The Expendables 3 (2014) – Directed by Patrick Hughes – Starring Sylvester Stallone, Jason Statham, Antonio Banderas, Jet Li, Wesley Snipes, Dolph Lundgren, Kelsey Grammer, Randy Couture, Terry Crews, Kellan Lutz, Ronda Rousey, Glen Powell, Victor Ortiz, Robert Davi, Mel Gibson, Harrison Ford, and Arnold Schwarzenegger.
I’m never going to complain too hard about a movie with this many actors that I like doing the things I like to watch them do, but EXPENDABLES 3 is not a very good movie. As an experience, it’s fine, well worth the price of a matinee ticket, but as a movie, it’s not very good. It’s overstuffed with characters; the fun in an EXPENDABLES movie is seeing all of these famous actors together, but this is the third movie and the filmmakers still think they can get away with just starfucking our eyeballs.
It’s not enough.
There are so many people in the movie that, other than Stallone and, oddly, newcomer Ronda Rousey, no one gets enough screen time. This is especially damaging in the cases of Jason Statham, Terry Crews, Dolph Lundgren, and Randy Couture. These are the guys I’m here to see, so give them to me. When I watch the movie and look at the poster, I can’t help but think Stallone is collecting action stars the way people collect action figures. In fact, what started out as Stallone getting his fellow action heroes together to make an all-star movie has evolved into Stallone getting his fellow action stars together to pay homage at the Altar of Stallone.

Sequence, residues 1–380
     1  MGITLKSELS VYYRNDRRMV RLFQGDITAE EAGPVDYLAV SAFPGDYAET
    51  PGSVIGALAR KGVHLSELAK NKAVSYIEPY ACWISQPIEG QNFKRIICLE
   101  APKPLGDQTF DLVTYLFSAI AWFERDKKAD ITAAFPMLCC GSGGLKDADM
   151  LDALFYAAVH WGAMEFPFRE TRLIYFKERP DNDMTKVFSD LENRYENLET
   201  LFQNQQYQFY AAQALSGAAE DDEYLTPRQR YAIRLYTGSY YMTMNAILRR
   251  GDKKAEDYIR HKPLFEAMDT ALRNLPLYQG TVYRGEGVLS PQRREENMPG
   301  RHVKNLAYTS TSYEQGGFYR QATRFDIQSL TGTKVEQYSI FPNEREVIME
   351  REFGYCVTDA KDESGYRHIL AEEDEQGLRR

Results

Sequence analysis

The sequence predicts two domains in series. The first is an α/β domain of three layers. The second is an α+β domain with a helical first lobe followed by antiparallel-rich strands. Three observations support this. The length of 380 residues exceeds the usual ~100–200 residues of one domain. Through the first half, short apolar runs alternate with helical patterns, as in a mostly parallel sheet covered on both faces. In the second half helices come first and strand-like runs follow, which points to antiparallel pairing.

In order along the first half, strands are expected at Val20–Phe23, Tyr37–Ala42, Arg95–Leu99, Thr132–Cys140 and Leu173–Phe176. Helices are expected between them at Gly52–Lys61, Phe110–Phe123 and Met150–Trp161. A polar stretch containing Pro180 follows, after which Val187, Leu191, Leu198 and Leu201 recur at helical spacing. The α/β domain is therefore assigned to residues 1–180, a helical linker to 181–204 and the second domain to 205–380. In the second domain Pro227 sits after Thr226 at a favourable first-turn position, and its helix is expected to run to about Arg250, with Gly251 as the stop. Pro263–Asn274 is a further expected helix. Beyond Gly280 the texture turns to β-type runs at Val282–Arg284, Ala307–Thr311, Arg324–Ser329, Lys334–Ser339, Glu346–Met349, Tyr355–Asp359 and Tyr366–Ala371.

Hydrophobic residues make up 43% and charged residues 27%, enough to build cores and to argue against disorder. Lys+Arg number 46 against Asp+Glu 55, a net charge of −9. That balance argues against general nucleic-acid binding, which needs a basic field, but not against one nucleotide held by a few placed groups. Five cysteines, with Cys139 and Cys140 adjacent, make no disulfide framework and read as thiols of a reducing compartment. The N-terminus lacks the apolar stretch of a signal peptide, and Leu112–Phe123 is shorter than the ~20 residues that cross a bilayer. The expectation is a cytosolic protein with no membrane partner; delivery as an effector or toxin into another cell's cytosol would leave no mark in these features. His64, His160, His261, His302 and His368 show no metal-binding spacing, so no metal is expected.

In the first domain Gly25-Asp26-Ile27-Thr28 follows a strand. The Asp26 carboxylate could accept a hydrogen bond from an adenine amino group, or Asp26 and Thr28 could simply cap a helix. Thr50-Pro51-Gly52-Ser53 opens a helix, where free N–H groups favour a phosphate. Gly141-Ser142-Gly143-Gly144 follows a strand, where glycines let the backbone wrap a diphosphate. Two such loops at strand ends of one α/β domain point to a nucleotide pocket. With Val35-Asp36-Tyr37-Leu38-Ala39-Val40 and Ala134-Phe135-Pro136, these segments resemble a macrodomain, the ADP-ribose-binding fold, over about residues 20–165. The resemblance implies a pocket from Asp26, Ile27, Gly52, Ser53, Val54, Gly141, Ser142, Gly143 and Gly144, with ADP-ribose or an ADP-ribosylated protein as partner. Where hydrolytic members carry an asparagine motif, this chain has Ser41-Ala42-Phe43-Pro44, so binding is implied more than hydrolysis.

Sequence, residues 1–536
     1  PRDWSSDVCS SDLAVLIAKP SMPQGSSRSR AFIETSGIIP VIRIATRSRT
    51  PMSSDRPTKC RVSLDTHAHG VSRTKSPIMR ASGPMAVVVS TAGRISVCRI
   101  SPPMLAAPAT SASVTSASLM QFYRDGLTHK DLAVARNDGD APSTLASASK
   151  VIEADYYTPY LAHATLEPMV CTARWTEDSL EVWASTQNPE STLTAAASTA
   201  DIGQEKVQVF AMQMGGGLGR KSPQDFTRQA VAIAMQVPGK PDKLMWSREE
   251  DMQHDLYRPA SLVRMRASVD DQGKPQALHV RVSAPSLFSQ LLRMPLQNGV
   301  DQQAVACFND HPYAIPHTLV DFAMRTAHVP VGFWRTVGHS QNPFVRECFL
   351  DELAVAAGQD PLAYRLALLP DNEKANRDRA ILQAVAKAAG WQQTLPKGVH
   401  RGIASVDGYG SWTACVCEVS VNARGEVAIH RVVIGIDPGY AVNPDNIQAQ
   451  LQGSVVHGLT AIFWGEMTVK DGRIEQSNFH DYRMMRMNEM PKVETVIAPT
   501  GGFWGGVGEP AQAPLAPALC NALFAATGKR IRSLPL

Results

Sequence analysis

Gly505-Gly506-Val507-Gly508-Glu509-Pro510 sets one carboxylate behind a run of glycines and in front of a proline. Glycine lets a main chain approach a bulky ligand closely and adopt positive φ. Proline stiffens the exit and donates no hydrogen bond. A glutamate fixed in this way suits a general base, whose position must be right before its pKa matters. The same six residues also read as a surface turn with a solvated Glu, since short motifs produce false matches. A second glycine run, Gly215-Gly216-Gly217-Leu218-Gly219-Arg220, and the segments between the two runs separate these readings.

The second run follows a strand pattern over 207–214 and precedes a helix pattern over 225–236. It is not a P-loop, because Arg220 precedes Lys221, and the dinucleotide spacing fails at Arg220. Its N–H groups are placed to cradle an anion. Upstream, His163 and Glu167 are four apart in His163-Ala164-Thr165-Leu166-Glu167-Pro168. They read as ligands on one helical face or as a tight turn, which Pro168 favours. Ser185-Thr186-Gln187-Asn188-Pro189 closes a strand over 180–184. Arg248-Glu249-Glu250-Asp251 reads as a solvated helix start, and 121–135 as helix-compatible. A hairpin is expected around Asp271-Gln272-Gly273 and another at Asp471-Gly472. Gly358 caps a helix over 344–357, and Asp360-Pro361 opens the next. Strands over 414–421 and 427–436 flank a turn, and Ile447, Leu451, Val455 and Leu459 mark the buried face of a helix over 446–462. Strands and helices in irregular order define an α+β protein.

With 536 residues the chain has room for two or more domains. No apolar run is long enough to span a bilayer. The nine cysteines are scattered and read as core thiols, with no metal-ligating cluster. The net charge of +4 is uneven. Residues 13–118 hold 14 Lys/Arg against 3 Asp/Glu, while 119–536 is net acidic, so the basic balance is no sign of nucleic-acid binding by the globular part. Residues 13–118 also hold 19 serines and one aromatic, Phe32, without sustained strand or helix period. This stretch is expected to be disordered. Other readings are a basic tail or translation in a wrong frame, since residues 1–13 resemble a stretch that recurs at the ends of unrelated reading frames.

It’s not enough.
I don’t know if it’s a matter of Stallone’s ego or Stallone’s commitment or everyone else just doing it for the paycheck, but what once felt like an homage to the 1980’s action genre now feels like an homage to Sly Stallone.
It’s not enough.
There are other problems, too, but they are all rooted in this really being a Stallone movie and not an EXPENDABLES one. The movie opens strong, with a perfectly excellent action sequence in which Barney Ross (Stallone), Lee Christmas (Jason Statham), Gunnar Jensen (Dolph Lundgren), and Toll Road (Randy Couture) fly a helicopter at a train to break Doctor Death (Wesley Snipes) out of train jail before the train hurtles into a bad guy’s compound. It’s good, ridiculous, tense, and drowning in its own testosterone. This is why I go to see an EXPENDABLES movie: to see Stallone, yes, but also Statham and Lundgren and Couture (the under-the-radar shining light of these films) and now Snipes do things in grown man bodies that kids pretended about their action figures doing.